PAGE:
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OWASP Top10 2010

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The goal of the Top 10 project is to raise awareness about application security by identifying some of the most critical risks facing organizations. The Top 10 project is referenced by many standards, …

The goal of the Top 10 project is to raise awareness about application security by identifying some of the most critical risks facing organizations. The Top 10 project is referenced by many standards, books, tools, and organizations, including MITRE, PCI DSS, DISA, FTC, and many more. This release of the OWASP Top 10 marks this project’s eighth year of raising awareness of the importance of application security risks. The OWASP Top 10 was first released in 2003, minor updates were made in 2004 and 2007, and this is the 2010 release.

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  • Input validation. Use a standard input validation mechanism to validate all input data for length, type, syntax, and business rules before accepting the data to be displayed or stored. Use an "accept known good" validation strategy. Reject invalid input rather than attempting to sanitize potentially hostile data. Do not forget that error messages might also include invalid data. Strong output encoding. Ensure that all user-supplied data is appropriately entity encoded (either HTML or XML depending on the output mechanism) before rendering, taking the approach to encode all characters other than a very limited subset. This is the approach of the Microsoft Anti-XSS library, and the forthcoming OWASP PHP Anti-XSS library. Also, set the character encodings for each page you output, which will reduce exposure to some variants. Specify the output encoding (such as ISO 8859-1 or UTF 8). Do not allow the attacker to choose this for your users. Do not use "blacklist" validation to detect XSS in input or to encode output. Searching for and replacing just a few characters ("<" ">" and other similar characters or phrases such as “script”) is weak and has been attacked successfully. Even an unchecked “<b>” tag is unsafe in some contexts. XSS has a surprising number of variants that make it easy to bypass blacklist validation. Watch out for canonicalization errors. Inputs must be decoded and canonicalized to the application’s current internal representation before being validated. Make sure that your application does not decode the same input twice. Such errors could be used to bypass whitelist schemes by introducing dangerous inputs after they have been checked.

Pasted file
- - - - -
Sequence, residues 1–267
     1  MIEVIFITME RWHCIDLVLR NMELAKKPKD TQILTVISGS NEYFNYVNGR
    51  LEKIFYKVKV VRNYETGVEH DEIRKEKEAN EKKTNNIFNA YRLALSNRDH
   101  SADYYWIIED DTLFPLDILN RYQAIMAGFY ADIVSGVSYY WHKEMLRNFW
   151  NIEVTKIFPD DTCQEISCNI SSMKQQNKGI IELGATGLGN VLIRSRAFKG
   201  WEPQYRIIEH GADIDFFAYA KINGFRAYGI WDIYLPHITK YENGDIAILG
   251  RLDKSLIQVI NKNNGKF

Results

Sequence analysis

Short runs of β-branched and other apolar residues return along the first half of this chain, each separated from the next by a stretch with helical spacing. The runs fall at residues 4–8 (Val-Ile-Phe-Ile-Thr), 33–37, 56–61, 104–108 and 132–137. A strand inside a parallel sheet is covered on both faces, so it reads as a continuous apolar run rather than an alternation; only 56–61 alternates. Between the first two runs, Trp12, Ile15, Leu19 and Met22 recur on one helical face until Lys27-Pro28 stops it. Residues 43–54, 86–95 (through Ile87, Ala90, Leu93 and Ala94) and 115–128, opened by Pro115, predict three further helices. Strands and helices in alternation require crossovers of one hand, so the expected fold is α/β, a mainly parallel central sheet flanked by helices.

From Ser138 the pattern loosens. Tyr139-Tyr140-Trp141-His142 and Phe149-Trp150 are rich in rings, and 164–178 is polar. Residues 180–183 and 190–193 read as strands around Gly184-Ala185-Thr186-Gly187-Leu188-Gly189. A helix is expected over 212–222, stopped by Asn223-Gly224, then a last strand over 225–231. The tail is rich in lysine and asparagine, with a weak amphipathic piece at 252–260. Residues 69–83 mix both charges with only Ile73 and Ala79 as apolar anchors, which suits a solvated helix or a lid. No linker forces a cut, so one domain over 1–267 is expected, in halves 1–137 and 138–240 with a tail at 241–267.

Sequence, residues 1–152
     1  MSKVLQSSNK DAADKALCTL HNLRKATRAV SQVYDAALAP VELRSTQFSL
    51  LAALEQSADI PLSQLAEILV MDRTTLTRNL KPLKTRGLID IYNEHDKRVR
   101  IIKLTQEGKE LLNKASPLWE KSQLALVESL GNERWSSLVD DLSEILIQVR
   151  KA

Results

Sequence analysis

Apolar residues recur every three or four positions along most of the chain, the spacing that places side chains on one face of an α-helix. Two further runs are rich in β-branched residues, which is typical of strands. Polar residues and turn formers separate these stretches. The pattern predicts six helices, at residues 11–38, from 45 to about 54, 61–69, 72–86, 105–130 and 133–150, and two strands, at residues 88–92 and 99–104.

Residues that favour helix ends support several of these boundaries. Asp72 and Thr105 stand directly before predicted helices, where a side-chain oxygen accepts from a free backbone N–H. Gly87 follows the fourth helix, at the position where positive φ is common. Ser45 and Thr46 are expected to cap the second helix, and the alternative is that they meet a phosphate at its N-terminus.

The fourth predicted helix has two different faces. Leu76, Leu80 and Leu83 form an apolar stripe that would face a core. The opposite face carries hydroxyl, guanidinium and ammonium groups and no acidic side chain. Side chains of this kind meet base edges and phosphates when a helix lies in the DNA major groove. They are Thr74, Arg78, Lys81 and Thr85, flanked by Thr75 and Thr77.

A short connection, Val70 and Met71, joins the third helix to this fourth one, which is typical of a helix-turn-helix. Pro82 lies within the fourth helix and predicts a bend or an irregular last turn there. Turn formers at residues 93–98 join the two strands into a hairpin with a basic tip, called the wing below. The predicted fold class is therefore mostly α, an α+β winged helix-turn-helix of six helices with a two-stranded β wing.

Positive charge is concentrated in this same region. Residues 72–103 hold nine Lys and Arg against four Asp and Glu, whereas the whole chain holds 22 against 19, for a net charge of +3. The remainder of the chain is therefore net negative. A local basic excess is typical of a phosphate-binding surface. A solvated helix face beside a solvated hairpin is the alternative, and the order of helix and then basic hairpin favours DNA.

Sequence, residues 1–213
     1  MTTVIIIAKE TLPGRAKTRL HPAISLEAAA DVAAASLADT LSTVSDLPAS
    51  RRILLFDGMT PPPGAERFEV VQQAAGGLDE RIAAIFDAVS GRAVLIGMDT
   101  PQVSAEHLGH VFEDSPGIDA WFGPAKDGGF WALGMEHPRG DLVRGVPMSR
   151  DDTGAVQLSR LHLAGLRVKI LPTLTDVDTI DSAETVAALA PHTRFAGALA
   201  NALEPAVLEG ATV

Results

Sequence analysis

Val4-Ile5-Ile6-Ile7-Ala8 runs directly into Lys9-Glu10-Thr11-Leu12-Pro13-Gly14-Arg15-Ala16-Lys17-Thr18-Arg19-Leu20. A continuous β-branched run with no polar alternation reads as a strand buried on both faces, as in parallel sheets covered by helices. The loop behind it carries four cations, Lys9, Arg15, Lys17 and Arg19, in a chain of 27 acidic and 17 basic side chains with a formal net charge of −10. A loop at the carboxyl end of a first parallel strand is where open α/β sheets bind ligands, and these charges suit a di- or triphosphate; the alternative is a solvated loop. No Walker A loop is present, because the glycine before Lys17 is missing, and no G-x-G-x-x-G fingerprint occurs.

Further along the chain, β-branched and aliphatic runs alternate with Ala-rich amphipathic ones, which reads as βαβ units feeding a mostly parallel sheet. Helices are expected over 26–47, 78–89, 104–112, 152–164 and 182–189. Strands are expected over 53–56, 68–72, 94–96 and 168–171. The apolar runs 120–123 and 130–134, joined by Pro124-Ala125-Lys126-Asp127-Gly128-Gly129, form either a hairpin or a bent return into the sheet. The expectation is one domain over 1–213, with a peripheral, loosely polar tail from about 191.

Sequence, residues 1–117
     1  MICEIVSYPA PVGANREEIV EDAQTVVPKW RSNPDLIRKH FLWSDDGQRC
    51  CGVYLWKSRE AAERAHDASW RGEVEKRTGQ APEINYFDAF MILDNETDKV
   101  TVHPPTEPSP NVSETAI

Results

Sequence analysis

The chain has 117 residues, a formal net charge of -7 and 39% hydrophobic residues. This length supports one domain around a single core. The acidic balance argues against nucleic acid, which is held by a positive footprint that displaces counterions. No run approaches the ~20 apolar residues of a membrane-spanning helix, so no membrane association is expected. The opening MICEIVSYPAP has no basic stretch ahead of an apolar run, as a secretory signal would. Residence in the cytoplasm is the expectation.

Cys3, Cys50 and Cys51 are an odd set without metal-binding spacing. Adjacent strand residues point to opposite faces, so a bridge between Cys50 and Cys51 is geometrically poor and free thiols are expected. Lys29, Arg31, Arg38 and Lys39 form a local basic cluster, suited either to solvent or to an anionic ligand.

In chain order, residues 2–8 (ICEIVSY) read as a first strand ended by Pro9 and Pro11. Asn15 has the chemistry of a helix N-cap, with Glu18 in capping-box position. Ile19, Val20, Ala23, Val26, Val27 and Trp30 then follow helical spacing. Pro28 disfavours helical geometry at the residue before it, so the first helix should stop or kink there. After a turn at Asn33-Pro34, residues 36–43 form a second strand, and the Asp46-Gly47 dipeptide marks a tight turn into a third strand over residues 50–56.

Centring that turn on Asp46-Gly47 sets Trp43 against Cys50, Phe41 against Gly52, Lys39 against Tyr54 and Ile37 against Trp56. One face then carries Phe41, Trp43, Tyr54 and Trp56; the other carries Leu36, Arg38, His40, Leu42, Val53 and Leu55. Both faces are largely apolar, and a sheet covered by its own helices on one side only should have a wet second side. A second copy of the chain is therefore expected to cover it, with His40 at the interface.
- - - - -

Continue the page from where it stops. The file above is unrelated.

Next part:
• Input validation. Use a standard input validation mechanism to validate all input data for length, type, syntax, and business rules before accepting the data to be displayed or stored. Use an "accept known good" validation strategy. Reject invalid input rather than attempting to sanitize potentially hostile data. Do not forget that error messages might also include invalid data Use strongly typed parameterized query APIs with placeholder substitution markers, even when calling stored procedures Enforce least privilege when connecting to databases and other backend systems Avoid detailed error messages that are useful to an attacker Show care when using stored procedures since they are generally safe from SQL Injection. However, be careful as they can be injectable (such as via the use of exec() or concatenating arguments within the stored procedure) Do not use dynamic query interfaces (such as mysql_query() or similar) Do not use simple escaping functions , such as PHP's addslashes() or character replacement functions like str_replace("'", " "). These are weak and have been successfully exploited by attackers. . For PHP, use mysql_real_escape_string() if using MySQL, or preferably use PDO which does not require escaping When using simple escape mechanisms, note that simple escaping functions cannot escape table names ! Table names must be legal SQL, and thus are completely unsuitable for user supplied input Watch out for canonicalization errors. Inputs must be decoded and canonicalized to the application's current internal representation before being validated. Make sure that your application does not decode the same input twice. Such errors could be used to bypass whitelist schemes by introducing dangerous inputs after they have been checked